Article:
Elkhart General nurse reflects on starting her career during pandemic
Story by Langston Johnson, Intern, Beacon Corporate Communications
The intercom rang inside the Memorial Hospital Critical Care Unit and Taylor Freedline watched everyone around her pause. The Bethel University graduate, who was working on clinicals to finish nursing school in March, listened to the announcement they anticipated hearing sooner or later: Memorial Hospital had its first COVID-positive case.
“I will never forget that moment,” Freedline said, because it is the moment everything changed. Months prior, no one would have imagined that nursing students like her would be graduating and starting their careers during a global pandemic.
After graduating from Elkhart Memorial High School in 2016, Freedline decided to stay close to home and study nursing while playing tennis at Bethel University. From a young age, she knew she wanted to be a nurse and take care of people. As a child, she would pretend her dolls were sick and help them get back to full health.
That passion continued all the way through high school and helped her choose her career path.
“I’ve always had a desire to serve others,” Freedline said. “I think there’s no greater joy than touching someone’s life.”
Her desire to serve others drove her to want to work in Elkhart General’s critical care unit. The COVID-19 pandemic, however, prompted Freedline to reconsider her place in the hospital setting. After all, she still lived at home with her aging parents.
But after seeing the level of preparation and safety measures in place at Elkhart General, she ultimately decided she wanted to remain in that unit after graduation, caring for the sickest of patients. This included caring for COVID patients.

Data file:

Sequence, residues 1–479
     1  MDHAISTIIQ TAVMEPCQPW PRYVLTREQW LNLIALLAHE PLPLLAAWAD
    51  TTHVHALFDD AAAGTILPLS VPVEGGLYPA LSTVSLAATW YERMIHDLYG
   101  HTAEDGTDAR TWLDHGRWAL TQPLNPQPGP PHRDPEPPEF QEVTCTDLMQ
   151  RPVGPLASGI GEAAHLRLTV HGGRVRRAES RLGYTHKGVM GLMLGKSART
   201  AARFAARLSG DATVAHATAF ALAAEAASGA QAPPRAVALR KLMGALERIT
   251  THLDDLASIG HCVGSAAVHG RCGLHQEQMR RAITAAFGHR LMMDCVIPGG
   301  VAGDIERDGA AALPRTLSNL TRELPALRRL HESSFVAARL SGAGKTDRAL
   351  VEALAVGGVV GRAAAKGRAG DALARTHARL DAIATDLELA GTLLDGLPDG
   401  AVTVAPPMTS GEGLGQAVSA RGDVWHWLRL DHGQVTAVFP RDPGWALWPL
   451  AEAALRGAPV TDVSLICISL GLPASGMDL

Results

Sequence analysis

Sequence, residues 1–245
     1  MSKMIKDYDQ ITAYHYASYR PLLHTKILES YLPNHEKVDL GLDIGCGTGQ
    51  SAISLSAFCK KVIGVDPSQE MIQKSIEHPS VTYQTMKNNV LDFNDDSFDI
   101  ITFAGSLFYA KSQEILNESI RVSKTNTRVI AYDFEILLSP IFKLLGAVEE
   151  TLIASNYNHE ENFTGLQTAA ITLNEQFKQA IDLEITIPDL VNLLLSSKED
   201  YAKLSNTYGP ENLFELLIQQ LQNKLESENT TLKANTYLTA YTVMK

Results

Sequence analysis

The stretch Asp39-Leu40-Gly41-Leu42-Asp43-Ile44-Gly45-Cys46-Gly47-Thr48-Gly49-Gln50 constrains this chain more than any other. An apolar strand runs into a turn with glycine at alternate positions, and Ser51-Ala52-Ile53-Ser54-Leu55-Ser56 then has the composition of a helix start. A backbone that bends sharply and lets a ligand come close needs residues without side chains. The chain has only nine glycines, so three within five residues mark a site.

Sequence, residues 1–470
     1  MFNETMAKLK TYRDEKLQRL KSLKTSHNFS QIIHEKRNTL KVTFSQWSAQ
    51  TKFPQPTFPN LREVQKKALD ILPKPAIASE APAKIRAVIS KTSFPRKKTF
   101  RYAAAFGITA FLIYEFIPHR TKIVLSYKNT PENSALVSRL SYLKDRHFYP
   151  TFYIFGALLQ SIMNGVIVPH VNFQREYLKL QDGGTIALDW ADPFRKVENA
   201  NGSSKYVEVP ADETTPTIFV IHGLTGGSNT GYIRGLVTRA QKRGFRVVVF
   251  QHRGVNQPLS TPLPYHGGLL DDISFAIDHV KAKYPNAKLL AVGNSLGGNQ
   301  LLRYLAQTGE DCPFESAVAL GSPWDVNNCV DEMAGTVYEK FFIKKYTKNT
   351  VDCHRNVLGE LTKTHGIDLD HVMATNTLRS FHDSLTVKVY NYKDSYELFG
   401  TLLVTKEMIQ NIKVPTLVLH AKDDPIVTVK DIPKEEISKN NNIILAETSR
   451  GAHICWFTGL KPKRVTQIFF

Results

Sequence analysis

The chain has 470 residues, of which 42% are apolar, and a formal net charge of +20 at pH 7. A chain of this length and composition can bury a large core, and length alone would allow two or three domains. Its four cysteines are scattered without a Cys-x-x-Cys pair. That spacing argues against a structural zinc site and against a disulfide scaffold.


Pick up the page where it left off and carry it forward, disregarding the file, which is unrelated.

The highlight of graduating from a Nursing Program is the Pinning Ceremony. Due to COVID and the necessity for social distancing, many schools were not able to have a pinning ceremony for the new graduates. A pinning ceremony for nursing students is the official initiation as a nurse, and is often more meaningful than a graduation ceremony. For it to be cancelled, has been tough for Freedline.
“Originally it was rescheduled, but now that it’s officially cancelled, it is really disappointing,” Freedline said. “After all the work, the pinning ceremony was the light at the end of the tunnel and something we were all looking forward to.”
Understanding how important the pinning ceremony is, EGH and MHSB hosted their own pinning ceremony for all the new graduates.
While working at Elkhart General, Freedline has worked with COVID patients and learned how to care for them during a normal day. Assessing patients, coordinating team activities, working with ventilators, and proning patients are just some of the things she has learned so far.
Working in a hospital can be stressful but Freedline says she is grateful for every opportunity she gets to help people and make a difference in a vulnerable moment in someone’s life. “Being on the front line has made me realize to never take life for granted.”
“My professional goal for the years to come is to commit myself to lifelong learning in the nursing profession,” she says.
For first time nurses, starting a career during a pandemic is nothing they could have imagined, but for Taylor Freedline, she is using the opportunity to learn and do what she loves, helping people.